I’m going to say something that may sound like bragging, but stick with me: my kids eat Brussels sprouts. Here’s the story: there are three of them — ages 4, 2 and 1 — and each one eats these mini cabbages with a different level of, shall we say, enthusiasm. So with all those juicy cranberries around the house typically destined for muffins, I threw a handful into our last pan of oven-roasted sprouts and the good got even better. And those resigned to trying a couple of polite bites got even happier. Get the recipe for Brussels Sprouts with Cranberries at Foodlets.com.
Tag: brussels sprouts
You likely have your Thanksgiving menu set. For all we know, it was set in stone years ago, probably when your all-knowing elders were in charge. The turkey part of Turkey Day is a no-brainer, but the sides are like a puzzle. You’ll serve the usual contenders — fluffy mashed potatoes with a puddle of gravy, Grandma’s sweet potato casserole (marshmallows and all) — but you’ll need something else to balance out all that richness.
This year, as your family gathers around the dinner table for yet another Thanksgiving meal, look to another veggie that’s at the top of every restaurant menu and grocery list: Brussels sprouts. We like ours cooked right — caramelized and tender at every layer. As you draft up your preliminary rounds of potential recipes, keep in-season Brussels sprouts at the top of your list.
Turkey Day is known for chaos. Ease things up and simply drizzle halved sprouts with olive oil for basic Roasted Brussels Sprouts by Food Network Magazine. And with just one small addition, Brussels Sprouts with Bacon take on a smoky saltiness, perfect for the big Thanksgiving meal or any night of the week.
Brussels sprouts may be an annual must-have on your Thanksgiving dinner table, but these easy-to-cook vegetables can shine as the side dish to everyday suppers as well. Packed with good-for-you nutrients, these golf ball-size beauties are best when they’re not overcooked, which means that they’re often quick to prepare. Plus, Brussels sprouts pair well with salty flavors, like those of decadent bacon and briny capers, so if you’re cooking for veggie-averse kids — or adults — cook them with complementary ingredients you know your family will enjoy. Check out Food Network’s top-five Brussels sprouts recipes from your favorite stars, like Bobby, Michael Symon, Alton, Guy and Ina, to find simple sides that can be on the table in well under an hour.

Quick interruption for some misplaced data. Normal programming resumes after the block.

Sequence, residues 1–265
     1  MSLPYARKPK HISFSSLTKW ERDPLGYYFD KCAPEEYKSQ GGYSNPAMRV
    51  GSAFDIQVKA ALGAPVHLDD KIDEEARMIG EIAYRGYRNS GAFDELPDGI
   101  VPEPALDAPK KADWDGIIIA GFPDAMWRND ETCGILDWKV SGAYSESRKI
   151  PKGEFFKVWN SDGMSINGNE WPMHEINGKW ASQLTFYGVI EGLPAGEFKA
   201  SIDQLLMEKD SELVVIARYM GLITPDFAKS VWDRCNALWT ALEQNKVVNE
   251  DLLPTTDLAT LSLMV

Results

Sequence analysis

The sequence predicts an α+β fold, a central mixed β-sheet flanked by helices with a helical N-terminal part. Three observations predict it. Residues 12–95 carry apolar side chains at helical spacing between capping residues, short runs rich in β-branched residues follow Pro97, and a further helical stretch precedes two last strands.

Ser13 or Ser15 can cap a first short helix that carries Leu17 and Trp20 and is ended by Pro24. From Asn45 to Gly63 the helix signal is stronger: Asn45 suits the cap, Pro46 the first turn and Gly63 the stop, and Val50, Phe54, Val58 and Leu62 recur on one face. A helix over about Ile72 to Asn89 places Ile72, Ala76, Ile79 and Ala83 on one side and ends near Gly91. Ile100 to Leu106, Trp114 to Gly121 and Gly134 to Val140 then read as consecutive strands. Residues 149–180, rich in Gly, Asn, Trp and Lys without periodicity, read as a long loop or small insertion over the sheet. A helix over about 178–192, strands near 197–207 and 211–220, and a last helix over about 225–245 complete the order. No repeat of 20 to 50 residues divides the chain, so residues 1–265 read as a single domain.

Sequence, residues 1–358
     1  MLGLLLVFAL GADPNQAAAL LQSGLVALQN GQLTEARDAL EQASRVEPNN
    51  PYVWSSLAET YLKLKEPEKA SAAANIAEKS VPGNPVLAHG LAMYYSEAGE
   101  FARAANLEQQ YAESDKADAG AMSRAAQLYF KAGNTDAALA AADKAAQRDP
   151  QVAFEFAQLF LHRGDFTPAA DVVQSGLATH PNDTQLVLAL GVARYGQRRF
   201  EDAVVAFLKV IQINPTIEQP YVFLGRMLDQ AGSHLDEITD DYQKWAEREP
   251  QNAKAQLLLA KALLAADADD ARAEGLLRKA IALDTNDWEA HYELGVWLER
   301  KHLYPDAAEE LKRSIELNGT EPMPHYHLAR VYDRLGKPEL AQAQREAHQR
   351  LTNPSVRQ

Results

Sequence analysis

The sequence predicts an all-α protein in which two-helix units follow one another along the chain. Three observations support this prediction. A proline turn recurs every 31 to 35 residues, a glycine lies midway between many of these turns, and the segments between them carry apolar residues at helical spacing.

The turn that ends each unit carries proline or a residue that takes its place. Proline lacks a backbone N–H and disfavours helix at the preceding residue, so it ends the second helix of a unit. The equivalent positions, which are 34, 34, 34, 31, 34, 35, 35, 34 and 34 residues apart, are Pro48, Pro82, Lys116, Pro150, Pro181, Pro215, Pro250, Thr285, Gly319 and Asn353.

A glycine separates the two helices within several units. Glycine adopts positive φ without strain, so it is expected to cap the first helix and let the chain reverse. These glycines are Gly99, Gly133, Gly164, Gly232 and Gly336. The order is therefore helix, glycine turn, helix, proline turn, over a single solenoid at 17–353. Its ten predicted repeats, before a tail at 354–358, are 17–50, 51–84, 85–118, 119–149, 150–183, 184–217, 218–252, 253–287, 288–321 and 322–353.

5. Roasted Brussels Sprouts with Pancetta — After sauteing sweet shallots with crispy pancetta, Bobby roasts sprouts and Yukon gold potatoes until they’re tender, then finishes them with a pat of butter and refreshing lemon juice.
4. Fried Brussels Sprouts with Walnuts and Capers — Michael deep-fries his Brussels sprouts until they’re deliciously crispy, then tosses them with crunchy walnuts and a sweet-and-spicy serrano chile-honey dressing.
Here’s the most straightforward recipe of all: Food Network Magazine’s Roasted Brussels Sprouts. With just a gloss of extra-virgin olive oil and a shake of salt and pepper, halved sprouts come out crisp and tender.
Sauteed Brussels Sprouts by Food Network Magazine are shredded before hitting the pan with shallots, butter and a shot of cider vinegar. Roasted Garlic Brussels Sprouts (pictured above) are roasted in a piping hot oven, with brown sugar bringing a smooth sweetness and cilantro keeping things vibrant.
Slow-Cooked Brussels Sprouts feature a quaint roster of ingredients; after roasting stove-side low and slow, they’re caramelized to perfection. Alternatively, bacon, chicken broth and shallots merge together in Rachael Ray’s comforting Brussels Sprouts With Bacon.